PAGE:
Senator: No New Taxes

January 06, 1991

WESTMINSTER — No new taxes, State Sen. Charles H. Smelser, D-Carroll, Frederick, Howard, told farmers and business people Thursday morning.

"Right now, I'm not voting for any tax increase," he said at the monthly Agribusiness breakfast at Baugher's Restaurant.

But other legislators probably will, he said.

"If I had to bet on it today, I'd bet there's going to be a gas tax increase," Smelser said in a briefing on the upcoming state legislative session.

Smelser, a member of the Budget and Taxation Committee, said he's not too keen on a tax reform plan proposed by R. Robert Linowes, a Montgomery County lawyer who headed the governor's Commission on State Taxes and Tax Structure.

"There's not too much wrong with the tax structure in Maryland as I see it," Smelser said.

He said he couldn't support the commission's proposal to adda 2 percent annual excise tax on motor vehicles and pleasure boats or its plan to tax services such as cable television, dry cleaning andhair care.

"I certainly wouldn't vote for anything like that," he said.

This session, legislators will be working to find ways to save money, he said. The state faces a budget deficit of almost $425 million.

"If the executive and legislative branches cooperate, we can certainly solve this problem," he said. "It's not all bad to have a deficit" because it will force government to "shake out some fat."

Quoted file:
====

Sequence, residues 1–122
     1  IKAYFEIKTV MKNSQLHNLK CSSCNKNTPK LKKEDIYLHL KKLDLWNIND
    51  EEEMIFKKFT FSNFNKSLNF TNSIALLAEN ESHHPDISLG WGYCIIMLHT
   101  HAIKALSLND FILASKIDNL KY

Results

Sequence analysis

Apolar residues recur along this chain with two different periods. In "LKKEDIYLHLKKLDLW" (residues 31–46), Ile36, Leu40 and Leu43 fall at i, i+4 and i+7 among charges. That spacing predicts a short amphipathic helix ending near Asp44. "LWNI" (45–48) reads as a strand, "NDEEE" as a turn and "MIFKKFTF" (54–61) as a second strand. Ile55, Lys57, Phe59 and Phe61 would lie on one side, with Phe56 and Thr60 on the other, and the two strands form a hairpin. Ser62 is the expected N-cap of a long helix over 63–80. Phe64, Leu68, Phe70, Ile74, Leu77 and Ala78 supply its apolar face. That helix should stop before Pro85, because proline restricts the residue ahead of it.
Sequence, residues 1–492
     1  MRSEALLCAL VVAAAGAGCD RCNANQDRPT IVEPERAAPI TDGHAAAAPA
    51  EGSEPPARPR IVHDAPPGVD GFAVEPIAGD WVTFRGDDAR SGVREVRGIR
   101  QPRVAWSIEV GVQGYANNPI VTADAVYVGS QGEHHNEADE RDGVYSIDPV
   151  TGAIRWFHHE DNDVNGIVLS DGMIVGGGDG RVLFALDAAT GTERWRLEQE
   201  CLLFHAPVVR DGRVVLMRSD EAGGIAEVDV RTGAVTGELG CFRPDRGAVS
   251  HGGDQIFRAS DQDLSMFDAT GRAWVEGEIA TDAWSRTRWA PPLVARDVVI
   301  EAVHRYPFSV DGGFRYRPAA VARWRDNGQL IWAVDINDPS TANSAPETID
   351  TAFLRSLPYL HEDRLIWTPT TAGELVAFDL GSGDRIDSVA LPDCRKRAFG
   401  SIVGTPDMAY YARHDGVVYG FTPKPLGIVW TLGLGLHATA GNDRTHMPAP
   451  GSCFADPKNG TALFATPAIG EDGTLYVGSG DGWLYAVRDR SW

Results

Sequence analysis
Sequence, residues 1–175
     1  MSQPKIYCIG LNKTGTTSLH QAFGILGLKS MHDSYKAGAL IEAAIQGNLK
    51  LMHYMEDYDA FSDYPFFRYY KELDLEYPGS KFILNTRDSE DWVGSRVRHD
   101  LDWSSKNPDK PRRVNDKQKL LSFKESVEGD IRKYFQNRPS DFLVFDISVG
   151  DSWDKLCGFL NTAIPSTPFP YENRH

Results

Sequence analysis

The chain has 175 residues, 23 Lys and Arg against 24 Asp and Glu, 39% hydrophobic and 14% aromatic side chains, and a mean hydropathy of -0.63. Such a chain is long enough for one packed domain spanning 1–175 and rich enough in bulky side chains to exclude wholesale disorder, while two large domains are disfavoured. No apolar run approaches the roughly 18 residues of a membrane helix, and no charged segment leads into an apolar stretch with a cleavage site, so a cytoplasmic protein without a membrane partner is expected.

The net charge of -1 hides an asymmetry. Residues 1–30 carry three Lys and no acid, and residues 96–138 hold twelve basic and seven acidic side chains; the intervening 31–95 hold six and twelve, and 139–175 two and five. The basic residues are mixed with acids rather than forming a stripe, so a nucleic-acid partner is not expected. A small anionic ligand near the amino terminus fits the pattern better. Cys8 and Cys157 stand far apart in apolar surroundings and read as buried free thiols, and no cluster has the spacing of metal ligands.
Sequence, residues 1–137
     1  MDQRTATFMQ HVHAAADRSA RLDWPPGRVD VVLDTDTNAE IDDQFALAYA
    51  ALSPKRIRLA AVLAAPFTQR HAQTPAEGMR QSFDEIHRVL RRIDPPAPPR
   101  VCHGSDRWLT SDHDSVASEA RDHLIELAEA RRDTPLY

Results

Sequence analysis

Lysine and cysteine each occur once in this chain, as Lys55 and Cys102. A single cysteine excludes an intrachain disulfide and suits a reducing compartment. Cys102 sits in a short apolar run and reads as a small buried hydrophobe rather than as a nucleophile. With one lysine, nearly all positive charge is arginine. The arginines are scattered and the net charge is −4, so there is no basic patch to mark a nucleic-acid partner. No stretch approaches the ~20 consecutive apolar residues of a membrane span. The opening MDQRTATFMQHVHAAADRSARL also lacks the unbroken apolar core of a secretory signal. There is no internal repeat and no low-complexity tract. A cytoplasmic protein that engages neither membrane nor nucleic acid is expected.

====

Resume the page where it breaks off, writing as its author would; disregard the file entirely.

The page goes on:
Smelser said a plan to manage growth statewide probably won't go anywhere this session.

"I don't think it will see the light of day this year," he said. "What it boils down to is state control of local land."

The governor's Commission on Growth in the Chesapeake Bay Region, released in November, recommends that counties and municipalities submit planning proposals to the state for approval.

"We have to keep land use closer to the people," Smelser said.

The senator said legislators should "use a little ingenuity and imagination" to solve the budget crunch.

"It will take a lot of hard work, but we'll get it worked out," he said.

Smelser, a member of the House of Delegates from 1955 to 1963, has been a state senator since 1967.

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